Can a multibillion-dollar project in the Saudi desert jump-start the demand for green hydrogen, an elusive energy source that could help eliminate carbon emissions from vehicles, power plants and heavy industry?
The allure of hydrogen is undeniable. Unlike oil and natural gas, it doesn’t emit carbon dioxide and other greenhouse gases when burned. It’s more easily stored than electricity generated by wind turbines and solar farms, and it can be transported by ship or pipeline. Green hydrogen, which is produced using renewable energy sources, is especially attractive as a fuel. It’s made from water rather than methane or other hydrocarbons.
But those who foresee a green hydrogen future face a quandary: The high cost of producing the odorless, colorless, flammable gas can be mitigated only by large-scale projects, which in turn make economic sense only if there is a widespread market for green hydrogen. That doesn’t yet exist.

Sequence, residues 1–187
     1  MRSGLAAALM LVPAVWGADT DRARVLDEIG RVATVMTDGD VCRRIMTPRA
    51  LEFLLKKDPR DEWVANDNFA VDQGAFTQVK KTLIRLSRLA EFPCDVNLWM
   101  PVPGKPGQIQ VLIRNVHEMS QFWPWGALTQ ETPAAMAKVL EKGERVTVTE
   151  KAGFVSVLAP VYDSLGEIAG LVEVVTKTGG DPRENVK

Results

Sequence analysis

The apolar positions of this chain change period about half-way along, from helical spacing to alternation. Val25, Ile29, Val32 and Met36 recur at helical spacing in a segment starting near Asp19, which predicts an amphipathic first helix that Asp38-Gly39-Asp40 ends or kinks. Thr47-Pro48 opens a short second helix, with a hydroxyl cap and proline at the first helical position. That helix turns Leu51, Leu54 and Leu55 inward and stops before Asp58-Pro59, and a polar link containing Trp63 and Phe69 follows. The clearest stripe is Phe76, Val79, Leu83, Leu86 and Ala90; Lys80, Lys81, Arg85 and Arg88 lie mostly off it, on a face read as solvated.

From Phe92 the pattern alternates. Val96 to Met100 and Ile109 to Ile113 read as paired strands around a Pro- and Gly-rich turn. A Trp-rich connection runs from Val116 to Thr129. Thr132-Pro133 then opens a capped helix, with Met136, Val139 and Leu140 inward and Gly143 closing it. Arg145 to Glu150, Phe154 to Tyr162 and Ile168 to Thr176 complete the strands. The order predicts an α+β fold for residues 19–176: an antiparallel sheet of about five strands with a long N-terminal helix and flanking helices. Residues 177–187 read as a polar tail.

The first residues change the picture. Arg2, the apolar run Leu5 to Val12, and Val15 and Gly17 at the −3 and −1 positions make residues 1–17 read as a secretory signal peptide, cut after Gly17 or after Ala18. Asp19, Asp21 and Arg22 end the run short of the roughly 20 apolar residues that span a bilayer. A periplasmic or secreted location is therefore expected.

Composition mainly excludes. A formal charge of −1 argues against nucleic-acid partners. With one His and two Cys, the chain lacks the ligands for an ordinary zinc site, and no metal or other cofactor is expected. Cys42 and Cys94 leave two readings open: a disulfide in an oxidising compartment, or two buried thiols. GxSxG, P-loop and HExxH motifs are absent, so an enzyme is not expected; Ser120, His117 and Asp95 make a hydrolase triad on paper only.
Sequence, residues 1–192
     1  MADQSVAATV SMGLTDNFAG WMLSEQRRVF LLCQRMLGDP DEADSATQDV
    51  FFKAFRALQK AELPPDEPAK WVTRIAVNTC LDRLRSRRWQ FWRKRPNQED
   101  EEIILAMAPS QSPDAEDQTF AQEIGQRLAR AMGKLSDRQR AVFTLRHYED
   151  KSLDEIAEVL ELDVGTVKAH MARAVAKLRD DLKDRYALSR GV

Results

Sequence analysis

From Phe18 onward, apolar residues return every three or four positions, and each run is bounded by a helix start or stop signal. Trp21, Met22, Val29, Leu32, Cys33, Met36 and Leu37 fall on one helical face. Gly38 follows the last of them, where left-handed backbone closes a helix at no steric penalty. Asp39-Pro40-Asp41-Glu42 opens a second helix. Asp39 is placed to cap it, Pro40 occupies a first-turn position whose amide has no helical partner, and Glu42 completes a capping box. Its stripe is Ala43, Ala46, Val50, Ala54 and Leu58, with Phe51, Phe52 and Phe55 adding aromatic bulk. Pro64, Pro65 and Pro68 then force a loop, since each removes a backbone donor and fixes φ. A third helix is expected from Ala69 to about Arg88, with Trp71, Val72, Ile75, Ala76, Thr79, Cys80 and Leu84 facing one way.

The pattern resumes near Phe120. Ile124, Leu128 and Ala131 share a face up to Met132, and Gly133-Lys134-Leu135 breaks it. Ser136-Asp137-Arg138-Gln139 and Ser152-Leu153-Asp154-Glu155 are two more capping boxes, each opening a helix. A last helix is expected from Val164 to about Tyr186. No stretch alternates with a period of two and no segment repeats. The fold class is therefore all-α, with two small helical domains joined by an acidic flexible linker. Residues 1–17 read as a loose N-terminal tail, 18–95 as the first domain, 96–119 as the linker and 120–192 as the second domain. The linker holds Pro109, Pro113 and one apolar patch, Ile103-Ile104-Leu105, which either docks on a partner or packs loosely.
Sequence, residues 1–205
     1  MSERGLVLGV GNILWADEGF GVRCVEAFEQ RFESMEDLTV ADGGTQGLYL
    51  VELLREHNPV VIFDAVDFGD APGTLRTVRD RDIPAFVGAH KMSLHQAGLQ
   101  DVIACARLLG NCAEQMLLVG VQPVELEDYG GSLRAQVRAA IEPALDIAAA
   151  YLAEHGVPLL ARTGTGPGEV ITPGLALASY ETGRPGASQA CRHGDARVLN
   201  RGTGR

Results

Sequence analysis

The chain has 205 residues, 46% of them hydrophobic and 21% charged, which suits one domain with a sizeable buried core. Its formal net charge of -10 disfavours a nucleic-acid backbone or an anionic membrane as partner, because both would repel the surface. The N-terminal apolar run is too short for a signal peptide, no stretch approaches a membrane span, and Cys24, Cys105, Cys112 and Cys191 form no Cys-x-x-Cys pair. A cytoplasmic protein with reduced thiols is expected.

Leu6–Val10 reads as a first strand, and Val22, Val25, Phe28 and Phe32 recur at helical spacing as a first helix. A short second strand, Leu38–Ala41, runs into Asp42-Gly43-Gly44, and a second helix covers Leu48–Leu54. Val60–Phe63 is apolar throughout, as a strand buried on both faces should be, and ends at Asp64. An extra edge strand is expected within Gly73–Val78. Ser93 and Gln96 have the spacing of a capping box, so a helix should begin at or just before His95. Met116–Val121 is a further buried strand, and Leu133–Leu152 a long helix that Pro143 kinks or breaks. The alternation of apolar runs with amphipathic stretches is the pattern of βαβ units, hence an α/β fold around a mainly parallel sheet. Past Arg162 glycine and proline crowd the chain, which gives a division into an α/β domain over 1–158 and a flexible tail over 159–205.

In Neom, a planned megacity of the future now taking shape in northwestern Saudi Arabia, the investors behind the green hydrogen project think they can deliver the chicken and the egg.
The initiative—a joint venture of Neom, U.S. chemical company Air Products & Chemicals Inc., and Saudi Arabia’s ACWA Power—will invest $5 billion to build what will be the world’s largest green hydrogen production facility. Another $2 billion will be invested in distribution infrastructure in consumer markets around the world, primarily to fuel industrial vehicles and public buses.